The lights are on
Veteran Member - Level 12
The go-to methods that designers use to make games difficult have changed in the last decade, but are these methods the correct way of addressing the issue?
I've never personally been a fan of difficult games myself. I surmise that this stems from what I grew up playing. I cut my teeth on the GameBoy Color where the hardest thing I played was Mario and even then that game was something I only popped in when I was excessively bored. I was much more inclined to play one of the original Pokemon games, to enjoy the easy to pick up mechanics, self personalizing gameplay, and short but interesting injections of story.
Skip ahead to the present and I still rarely crank up the difficulty to the hardest level. I consider it occasionally, I've been tossing around the idea of an Insanity playthrough of Mass Effect 2 lately and I previously played solo all the way up to the last segment of the last level in Halo: Reach on Legendary, but in most cases I still have no desire to go anywhere near the hardest difficulty setting on many of my favorite games. I don't think that's for the same reason as when I was a kid getting stuck in Mario though.
When I was a kid I didn't do well in Mario because I was bad at it. I was not skilled enough to actually tackle the game. I wasn't losing due to any fault of its design. It wasn't cheating me. The thing just got to a point where it was genuinely hard. I get the sense that many games in the current market don't follow that standard though. Developers seem more than content to take the easy road in so far as difficulty is concerned, especially in the action and shooter genres. How so you ask?
Take a game from your collection, perhaps Call of Duty, Uncharted, or Mass Effect. Place it in your system of choice or boot it on your PC then set it to the hardest difficulty possible. Take a good few minutes to really examine what it is that makes the game harder than the lower settings. I'll wait, don't worry about it.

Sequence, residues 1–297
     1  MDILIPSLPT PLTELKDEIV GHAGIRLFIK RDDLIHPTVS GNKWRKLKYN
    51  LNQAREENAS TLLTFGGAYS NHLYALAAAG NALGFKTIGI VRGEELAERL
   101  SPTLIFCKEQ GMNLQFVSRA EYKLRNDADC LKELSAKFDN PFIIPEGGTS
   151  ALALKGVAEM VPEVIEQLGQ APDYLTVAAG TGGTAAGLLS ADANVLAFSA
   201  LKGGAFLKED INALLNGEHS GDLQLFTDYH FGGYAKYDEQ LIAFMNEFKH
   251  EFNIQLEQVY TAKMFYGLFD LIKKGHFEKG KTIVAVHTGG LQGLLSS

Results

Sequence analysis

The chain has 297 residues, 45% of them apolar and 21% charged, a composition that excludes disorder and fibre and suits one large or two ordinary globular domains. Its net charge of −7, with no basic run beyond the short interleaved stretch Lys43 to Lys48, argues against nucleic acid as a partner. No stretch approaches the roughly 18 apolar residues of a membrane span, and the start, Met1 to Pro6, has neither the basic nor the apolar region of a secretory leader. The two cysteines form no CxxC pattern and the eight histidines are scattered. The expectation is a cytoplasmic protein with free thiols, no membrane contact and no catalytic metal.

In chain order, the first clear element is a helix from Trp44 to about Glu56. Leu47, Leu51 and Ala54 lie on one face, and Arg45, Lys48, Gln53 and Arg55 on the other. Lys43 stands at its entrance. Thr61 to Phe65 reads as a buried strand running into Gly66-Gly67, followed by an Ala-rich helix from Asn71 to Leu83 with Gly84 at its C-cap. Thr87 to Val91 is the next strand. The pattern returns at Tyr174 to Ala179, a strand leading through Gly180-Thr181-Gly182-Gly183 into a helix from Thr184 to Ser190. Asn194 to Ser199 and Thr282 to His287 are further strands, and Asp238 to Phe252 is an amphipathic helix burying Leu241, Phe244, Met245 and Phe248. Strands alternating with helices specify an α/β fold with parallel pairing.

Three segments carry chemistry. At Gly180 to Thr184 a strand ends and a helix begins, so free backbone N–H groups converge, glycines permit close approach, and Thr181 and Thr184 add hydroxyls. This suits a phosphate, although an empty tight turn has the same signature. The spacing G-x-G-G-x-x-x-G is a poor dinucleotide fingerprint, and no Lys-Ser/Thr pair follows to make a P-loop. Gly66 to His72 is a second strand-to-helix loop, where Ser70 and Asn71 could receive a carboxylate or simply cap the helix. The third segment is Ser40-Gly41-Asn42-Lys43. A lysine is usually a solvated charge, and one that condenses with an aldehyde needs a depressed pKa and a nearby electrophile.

More than likely you'll notice a similar change in all of these games despite them being all fairly different from each other. Enemies take more damage and deal more out. They recognize you faster and move more aggressively. While this is all fine, it stops there. The player is given no alternate strategy, no more complex options to win, they must simply trudge through it. Each of the games I've mentioned is an extremely popular Triple A title and all employ the same concept of making enemies in the environment brutally punishing in place of making changes that test the user.
In Call of Duty all enemies on screen will immediately turn to you regardless of your position as long as there is open space between you an them. If you can see the enemy they will turn and shoot at you. In Mass Effect, already difficult enemies become brutally powerful while taking hardly any damage from your weapons. There isn't a different strategy to beating them nor do you have to be more precise, the answer is to simply hit them more and get hit less. Uncharted shares the same problems as Mass Effect with enemies flanking on you while you're pinned, and ignoring allies, to appear behind you anywhere you've taken cover to blast your back with a shotgun.
Why do I bring this up? It's simple really. While these traits were initially limited to the hardest settings they are starting to become the norm when it comes to adapting difficulty. As such these traits are leaking into the lower levels of newer games. On top of that, it simply doesn't make for a fun experience and maybe even more disturbingly it's starting to seep into other genres.
I don't want to play a game where my enemies are omniscient. Where if I set off an alarm suddenly everyone for the rest of the level can see me through walls. If I alert an enemy and flee, break line of sight then move to a new position they shouldn't automatically come running over to a place that they shouldn't even know I'm at. I don't mind if enemies are tough, but they shouldn't be tough because I only have one option for defeating them. They should be tougher because the window I'm given to enact a winning strategy is small. I want them to test my reflexes, challenge my intellect, and strain my focus... not simply make me wait for a chance to pop out and get in another hit before running away to hide. In many ways the higher difficulty settings on many games don't make them any harder, it just makes them more tedious while further highlighting any annoying or flawed mechanics that exist.
This isn't to say that there aren't games out there that do difficulty right, because there are plenty, just that the act of simply changing values in the code governing a game's mechanics is becoming a more and more common choice. As a person who aspires to be a game designer it gets under my skin to see people avoiding design in their solution. I want to be challenged by my games, not punished or bored to death because the designers didn't take the time to implement a more creative answer to changing difficulty. What's the point of playing on a level that's supposedly harder if the extent of what it provides is a pervasive sense of frustration and desire to put the game away in the place of feeling like you've accomplished something?